# Linear interpolation on fixed dates using Python

Say for example I have a set of dates and a set of numbers of those days which are taken at different intervals.

Just for illustration sake, let's say the numbers are daily from today (September 29) until three months from now (December 29), monthly from three months after to say two years, quarterly from two to 10 years and yearly after that for another 50 years.

Now the requirements is such that we still follow all the date intervals "pattern" but instead the time series should start at each end of the quarter (so Mar 31, Jun 30, Sept 30 and Dec 31), with the numbers linearly interpolated in-between. Thus, using the example above, my new series should be daily numbers from September 30 (first end of quarter) to Dec 31, monthly from Dec 31 2012 to Dec 31 2014, quarterly from Dec 31 2014 to Dec 31 2022 and yearly after, all prices in the new time series that are not in the old time series are calculated using linear interpolation).

Is there any way we could do it efficiently and is there any code example I can make use of?

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Have you checked what the `pandas` package offers? They should have some pretty good coverage of time series manipulation (they use the code from the `scikits.timeseries` for that). –  Pierre GM Sep 29 '12 at 14:06
no luck with Panda since it is a third party package and is not available on our production servers (IT won't install those), any other suggestions? –  AZhu Oct 2 '12 at 2:30

Here's a way to do it just with `datetime` and `calendar`. It's rather lengthy though, beware.

## First, we need a method to make the desired time series

Months and quarters are a bit tricky, which date is one month after January 31, for example? But a method could look like this:

For testing, I included the generation of random values that belong with the dates.

``````from datetime import datetime, timedelta, date
import calendar
from random import random

def makeseries(startdate):
datesA = [startdate] # collect the dates in this list
valsA = [random()]   # and the randomly generated 'data' in this one
date = startdate

step = timedelta(1)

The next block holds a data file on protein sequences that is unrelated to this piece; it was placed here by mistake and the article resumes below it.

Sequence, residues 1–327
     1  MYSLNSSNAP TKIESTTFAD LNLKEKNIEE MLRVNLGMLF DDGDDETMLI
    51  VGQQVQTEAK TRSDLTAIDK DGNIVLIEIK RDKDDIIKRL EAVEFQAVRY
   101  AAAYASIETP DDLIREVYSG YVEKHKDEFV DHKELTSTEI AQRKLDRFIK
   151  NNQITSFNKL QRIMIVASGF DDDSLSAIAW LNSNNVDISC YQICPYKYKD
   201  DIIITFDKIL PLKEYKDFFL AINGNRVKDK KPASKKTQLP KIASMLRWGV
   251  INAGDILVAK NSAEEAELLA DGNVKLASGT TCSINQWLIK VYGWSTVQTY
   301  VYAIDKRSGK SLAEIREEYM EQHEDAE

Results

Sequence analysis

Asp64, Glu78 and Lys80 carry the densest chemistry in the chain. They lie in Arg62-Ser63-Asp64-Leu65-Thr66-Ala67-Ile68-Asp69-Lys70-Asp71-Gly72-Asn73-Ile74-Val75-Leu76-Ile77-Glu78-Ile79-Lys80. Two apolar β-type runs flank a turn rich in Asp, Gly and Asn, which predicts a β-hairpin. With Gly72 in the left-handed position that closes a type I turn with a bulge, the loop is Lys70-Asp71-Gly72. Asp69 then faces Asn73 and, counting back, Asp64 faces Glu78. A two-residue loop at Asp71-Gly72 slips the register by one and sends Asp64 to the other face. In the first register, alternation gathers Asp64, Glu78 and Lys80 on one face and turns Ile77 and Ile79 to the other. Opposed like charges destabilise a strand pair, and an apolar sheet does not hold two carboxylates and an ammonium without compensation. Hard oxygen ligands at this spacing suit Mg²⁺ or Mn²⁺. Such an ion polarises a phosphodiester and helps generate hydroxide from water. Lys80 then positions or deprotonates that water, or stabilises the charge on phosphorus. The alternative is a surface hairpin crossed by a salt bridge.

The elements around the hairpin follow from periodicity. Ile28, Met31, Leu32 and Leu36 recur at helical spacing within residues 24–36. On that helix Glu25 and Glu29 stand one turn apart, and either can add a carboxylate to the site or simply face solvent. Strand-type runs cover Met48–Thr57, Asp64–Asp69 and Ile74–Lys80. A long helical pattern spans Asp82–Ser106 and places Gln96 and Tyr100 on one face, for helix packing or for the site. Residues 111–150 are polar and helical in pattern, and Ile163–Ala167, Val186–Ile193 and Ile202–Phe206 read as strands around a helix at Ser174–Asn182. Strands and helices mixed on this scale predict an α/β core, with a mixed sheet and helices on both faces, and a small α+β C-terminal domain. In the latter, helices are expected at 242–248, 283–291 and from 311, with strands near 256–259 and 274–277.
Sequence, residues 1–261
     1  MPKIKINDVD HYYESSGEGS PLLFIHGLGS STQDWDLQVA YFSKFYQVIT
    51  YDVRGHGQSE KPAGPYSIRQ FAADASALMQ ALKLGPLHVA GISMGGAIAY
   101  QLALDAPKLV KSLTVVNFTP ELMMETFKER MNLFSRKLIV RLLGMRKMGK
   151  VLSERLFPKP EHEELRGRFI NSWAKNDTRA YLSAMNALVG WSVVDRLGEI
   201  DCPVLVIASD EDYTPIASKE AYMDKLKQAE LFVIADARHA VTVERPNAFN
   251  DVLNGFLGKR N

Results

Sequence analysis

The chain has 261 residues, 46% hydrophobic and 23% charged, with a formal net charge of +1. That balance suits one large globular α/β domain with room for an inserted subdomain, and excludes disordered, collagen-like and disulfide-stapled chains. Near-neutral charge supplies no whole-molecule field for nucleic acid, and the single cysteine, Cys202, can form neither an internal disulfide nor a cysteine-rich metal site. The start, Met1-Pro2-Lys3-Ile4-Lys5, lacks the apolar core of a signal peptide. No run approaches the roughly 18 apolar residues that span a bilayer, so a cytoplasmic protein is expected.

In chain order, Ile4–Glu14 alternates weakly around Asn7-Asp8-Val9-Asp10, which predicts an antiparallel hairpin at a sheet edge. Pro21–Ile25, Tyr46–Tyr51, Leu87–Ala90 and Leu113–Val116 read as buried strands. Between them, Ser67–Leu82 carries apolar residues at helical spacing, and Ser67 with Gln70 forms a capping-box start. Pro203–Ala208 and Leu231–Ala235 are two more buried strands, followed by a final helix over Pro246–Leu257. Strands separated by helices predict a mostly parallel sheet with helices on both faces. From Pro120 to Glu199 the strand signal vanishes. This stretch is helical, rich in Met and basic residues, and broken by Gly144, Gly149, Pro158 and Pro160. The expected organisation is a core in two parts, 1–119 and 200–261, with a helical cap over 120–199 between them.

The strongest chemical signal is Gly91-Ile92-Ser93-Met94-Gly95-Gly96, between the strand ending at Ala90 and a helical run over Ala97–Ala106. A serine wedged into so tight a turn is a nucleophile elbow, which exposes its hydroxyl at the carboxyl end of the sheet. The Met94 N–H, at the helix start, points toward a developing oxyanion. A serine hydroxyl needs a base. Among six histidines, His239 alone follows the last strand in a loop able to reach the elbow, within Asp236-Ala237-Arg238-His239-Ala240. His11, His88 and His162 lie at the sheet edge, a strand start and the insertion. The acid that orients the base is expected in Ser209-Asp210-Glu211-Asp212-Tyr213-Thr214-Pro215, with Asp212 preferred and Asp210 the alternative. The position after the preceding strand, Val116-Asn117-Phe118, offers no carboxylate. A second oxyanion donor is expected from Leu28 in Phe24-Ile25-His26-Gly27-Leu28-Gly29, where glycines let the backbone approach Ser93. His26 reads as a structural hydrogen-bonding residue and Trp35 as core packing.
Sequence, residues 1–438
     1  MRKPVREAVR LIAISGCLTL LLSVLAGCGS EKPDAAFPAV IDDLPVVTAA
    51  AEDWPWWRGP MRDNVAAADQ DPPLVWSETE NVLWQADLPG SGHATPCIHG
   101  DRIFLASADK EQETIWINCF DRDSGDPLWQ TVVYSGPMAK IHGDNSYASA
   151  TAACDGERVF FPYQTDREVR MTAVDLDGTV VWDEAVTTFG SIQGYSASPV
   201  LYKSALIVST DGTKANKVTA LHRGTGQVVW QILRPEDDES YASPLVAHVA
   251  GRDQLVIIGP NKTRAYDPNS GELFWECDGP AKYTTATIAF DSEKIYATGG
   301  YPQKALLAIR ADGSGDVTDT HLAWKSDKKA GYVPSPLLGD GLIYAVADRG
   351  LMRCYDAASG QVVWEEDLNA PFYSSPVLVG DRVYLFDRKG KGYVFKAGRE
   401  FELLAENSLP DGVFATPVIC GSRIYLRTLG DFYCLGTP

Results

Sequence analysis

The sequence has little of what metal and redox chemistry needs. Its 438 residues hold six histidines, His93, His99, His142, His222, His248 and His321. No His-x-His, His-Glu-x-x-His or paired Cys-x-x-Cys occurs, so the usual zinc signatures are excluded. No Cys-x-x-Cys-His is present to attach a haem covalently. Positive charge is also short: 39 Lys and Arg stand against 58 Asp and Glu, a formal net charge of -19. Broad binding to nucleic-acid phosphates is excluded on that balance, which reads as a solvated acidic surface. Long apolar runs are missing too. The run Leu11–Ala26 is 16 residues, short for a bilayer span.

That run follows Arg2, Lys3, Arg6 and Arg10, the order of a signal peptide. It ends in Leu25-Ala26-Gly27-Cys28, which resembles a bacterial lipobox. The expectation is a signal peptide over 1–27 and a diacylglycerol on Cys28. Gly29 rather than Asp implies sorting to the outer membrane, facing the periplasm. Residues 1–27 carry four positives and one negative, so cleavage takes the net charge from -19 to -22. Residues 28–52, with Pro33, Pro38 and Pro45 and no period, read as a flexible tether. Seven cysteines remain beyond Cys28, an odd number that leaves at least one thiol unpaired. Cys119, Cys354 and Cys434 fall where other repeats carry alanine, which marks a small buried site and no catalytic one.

while date - startdate <= timedelta(91):
date += step
datesA += [date]
valsA += [random()]

step = timedelta(30)
while date - startdate <= timedelta(2*365):
if date.month in [1,3,5,7,8,10,12]:
date += timedelta(1)
elif date.month == 2:
date -= timedelta(2)
date += step
datesA += [date]
valsA += [random()]

step = timedelta(91)
while date - startdate <= timedelta(int(365*10)):
date += step
if date.year % 4 == 0:
date += timedelta(1)
datesA += [date]
valsA += [random()]

step = timedelta(365)
while date - startdate <= timedelta(int(365*50)):
date += step
if date.year % 4 == 0:
date += timedelta(1)
datesA += [date]
valsA += [random()]

return datesA, valsA
``````

## Then, a simple method to find the nearest date to a given date in a series of dates

``````def findIndexOfNearest(series, D):
# returns the index of the date in series that is closest to, but greater than D
for i, date in enumerate(series):
if date > D:
return i
return None
``````

## Generate the two time series, plus some mock date for the first series

``````thisyear = datetime.today().year
quarterEndMonth = (datetime.today().month+2)//3*3
quarterEndDay = calendar.monthrange(thisyear, quarterEndMonth)[1]

d1,v1 = makeseries(date.today())
d2,_ = makeseries(date(thisyear,quarterEndMonth, quarterEndDay))
v2 = []
``````

## Interpolate using timedeltas and print the interpolated values

``````for d in d2:
i = findIndexOfNearest(d1, d)
if i:
prev = d1[i-1]
next = d1[i]
prevRatio = 1-(d-prev).total_seconds()/(next-prev).total_seconds()
nextRatio = 1-(next-d).total_seconds()/(next-prev).total_seconds()
interp = prevRatio*v1[i-1] + nextRatio*v1[i]
v2 += [interp]
print("%s = %.2f * %s + %.2f * %s" % (d, prevRatio, prev, nextRatio, next))
print("%17.2f * %10.2f + %.2f * %10.2f = %.2f" % \
(prevRatio, v1[i-1], nextRatio, v1[i], interp))
else: # date to be interpolated is past last original date
v2 += [v1[-1]]
print("%s = 1.00 * %s = %24.2f" % (d,d1[-1],v1[-1]))
``````

## Some example output:

Here, the original series just switched to 3-month gaps, with one date in November, and another in February the next year. The date for which we are interpolating is in December.

``````                     original           original
date                date
v                   v
2014-12-02 = 0.69 * 2014-11-04 + 0.31 * 2015-02-03
^       0.69 *       0.95 + 0.31 *       0.10 = 0.69
|         ^           ^       ^           ^       ^
|         |        original   |       original   interpolated
date from      |         value     |         value       value
2nd series   weight              weight
``````
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